Cuban officials have challenged US Secretary of State Hillary Clinton over her recent remarks that Havana did not want normalised relations with the US, urging Washington to lift the embargo "even for a year".
AFP - Cuba challenged the United States Sunday to lift a decades-old trade embargo "even for a year" to test its contention that the island's leaders do not want the embargo lifted or normal relations with Washington.
The challenge by National Assembly president Ricardo Alarcon was the first official response to US Secretary of State Hillary Clinton's April 9 charge that Fidel Castro and his brother President Raul Castro do not want a transition to democracy or the restoration of US relations severed in 1961.
Clinton told a university audience in Kentucky that the Castros "do not want to see an end to the embargo and do not want to see normalization with the United States because they would then lose all their excuses for what hasn't happened in Cuba in the last 50 years."
Alarcon, speaking to reporters after casting his ballot in municipal elections here, said, "If she really thinks that the blockade benefits the Cuban government -- which she wants to undermine -- the solution is very simple: that they lift it even for a year to see whether it is in our interest or theirs."
Alarcon said there were things Clinton could do "with a stroke of the pen" to improve relations, such as allowing visits by the wives of two of five Cubans serving prison sentences in the United States for espionage.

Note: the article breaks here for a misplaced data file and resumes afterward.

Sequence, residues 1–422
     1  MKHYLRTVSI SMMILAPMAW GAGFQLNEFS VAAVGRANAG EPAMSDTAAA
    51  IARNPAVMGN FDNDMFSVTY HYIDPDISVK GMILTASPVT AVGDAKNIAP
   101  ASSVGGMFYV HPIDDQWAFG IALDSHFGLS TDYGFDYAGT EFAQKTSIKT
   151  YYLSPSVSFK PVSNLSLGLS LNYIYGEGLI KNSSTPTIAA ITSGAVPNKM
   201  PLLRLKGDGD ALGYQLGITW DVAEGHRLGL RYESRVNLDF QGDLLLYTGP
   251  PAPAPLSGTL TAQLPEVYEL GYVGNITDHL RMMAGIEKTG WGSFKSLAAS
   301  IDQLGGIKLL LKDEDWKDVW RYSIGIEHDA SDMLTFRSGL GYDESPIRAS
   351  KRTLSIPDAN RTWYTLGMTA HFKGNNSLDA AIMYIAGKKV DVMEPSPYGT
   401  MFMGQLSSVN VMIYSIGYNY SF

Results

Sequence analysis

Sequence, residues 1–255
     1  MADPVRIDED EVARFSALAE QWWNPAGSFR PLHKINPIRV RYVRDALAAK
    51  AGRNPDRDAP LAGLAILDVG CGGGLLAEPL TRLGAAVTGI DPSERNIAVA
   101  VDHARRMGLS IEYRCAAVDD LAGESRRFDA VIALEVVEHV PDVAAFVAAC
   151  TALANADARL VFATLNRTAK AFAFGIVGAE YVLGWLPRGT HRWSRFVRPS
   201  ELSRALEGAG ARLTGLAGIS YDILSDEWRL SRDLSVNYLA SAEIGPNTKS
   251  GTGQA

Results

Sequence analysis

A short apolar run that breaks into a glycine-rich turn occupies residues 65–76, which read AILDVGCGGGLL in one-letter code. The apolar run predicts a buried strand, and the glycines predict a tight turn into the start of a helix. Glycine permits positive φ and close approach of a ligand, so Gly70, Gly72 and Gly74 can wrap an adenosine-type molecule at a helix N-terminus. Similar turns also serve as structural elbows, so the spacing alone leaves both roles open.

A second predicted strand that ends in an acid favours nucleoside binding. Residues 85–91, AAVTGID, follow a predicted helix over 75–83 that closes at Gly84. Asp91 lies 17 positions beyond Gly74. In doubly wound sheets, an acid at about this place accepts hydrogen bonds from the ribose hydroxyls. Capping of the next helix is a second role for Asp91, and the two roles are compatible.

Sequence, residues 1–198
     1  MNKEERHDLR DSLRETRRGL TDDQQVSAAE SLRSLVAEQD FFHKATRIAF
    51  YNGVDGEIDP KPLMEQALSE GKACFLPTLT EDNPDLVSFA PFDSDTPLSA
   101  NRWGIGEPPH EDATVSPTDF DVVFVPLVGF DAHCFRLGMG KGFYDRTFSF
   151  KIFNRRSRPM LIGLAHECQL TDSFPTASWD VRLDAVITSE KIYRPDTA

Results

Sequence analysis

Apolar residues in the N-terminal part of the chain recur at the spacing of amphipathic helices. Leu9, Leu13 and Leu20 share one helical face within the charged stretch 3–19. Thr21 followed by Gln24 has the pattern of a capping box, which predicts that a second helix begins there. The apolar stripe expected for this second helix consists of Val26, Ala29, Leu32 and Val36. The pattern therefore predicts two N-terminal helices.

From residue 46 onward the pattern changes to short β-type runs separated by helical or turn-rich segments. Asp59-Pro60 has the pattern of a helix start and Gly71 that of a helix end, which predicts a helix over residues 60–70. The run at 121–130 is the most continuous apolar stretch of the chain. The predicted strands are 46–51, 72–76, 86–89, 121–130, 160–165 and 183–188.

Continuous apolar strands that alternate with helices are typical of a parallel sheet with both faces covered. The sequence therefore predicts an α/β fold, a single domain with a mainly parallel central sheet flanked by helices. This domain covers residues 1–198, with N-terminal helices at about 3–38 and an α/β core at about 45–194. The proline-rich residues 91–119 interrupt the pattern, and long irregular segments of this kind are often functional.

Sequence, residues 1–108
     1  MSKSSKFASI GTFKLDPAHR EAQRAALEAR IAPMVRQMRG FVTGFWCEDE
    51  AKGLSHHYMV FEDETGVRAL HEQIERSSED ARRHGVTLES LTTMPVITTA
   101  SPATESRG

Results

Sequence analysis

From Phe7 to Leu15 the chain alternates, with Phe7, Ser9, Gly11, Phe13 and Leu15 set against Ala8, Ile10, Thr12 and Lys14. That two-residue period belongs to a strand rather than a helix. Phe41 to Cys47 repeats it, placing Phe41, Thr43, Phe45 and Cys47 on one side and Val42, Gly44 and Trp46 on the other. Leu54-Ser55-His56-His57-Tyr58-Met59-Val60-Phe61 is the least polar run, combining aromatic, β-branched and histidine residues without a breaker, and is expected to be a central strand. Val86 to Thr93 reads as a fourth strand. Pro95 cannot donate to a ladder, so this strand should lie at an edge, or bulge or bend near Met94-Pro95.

President Barack Obama came into office seeking better relations with Cuba, but after an initial thaw, tensions have set in again, most recently over Cuba's treatment of dissidents.
Havana has accused Washington of waging a campaign to destabilize the government. But it has come under fire internationally and from activists inside Cuba since the February 12 death of dissident Orlando Zapata in a prison hunger strike. A second dissident, Guillermo Farinas, took up the hunger strike after Zapata's death.
The government has portrayed the municipal elections, which have been held every two years since 1976, as evidence of public support for the one-party state.
Although the Cuban Communist Party does not officially field candidates, it supervises the process and ensures that no opponents of the government are elected.
Turnout in previous elections have been as high as 95 percent, which the authorities tout as a "victory of the Revolution."
Date created : 2010-04-26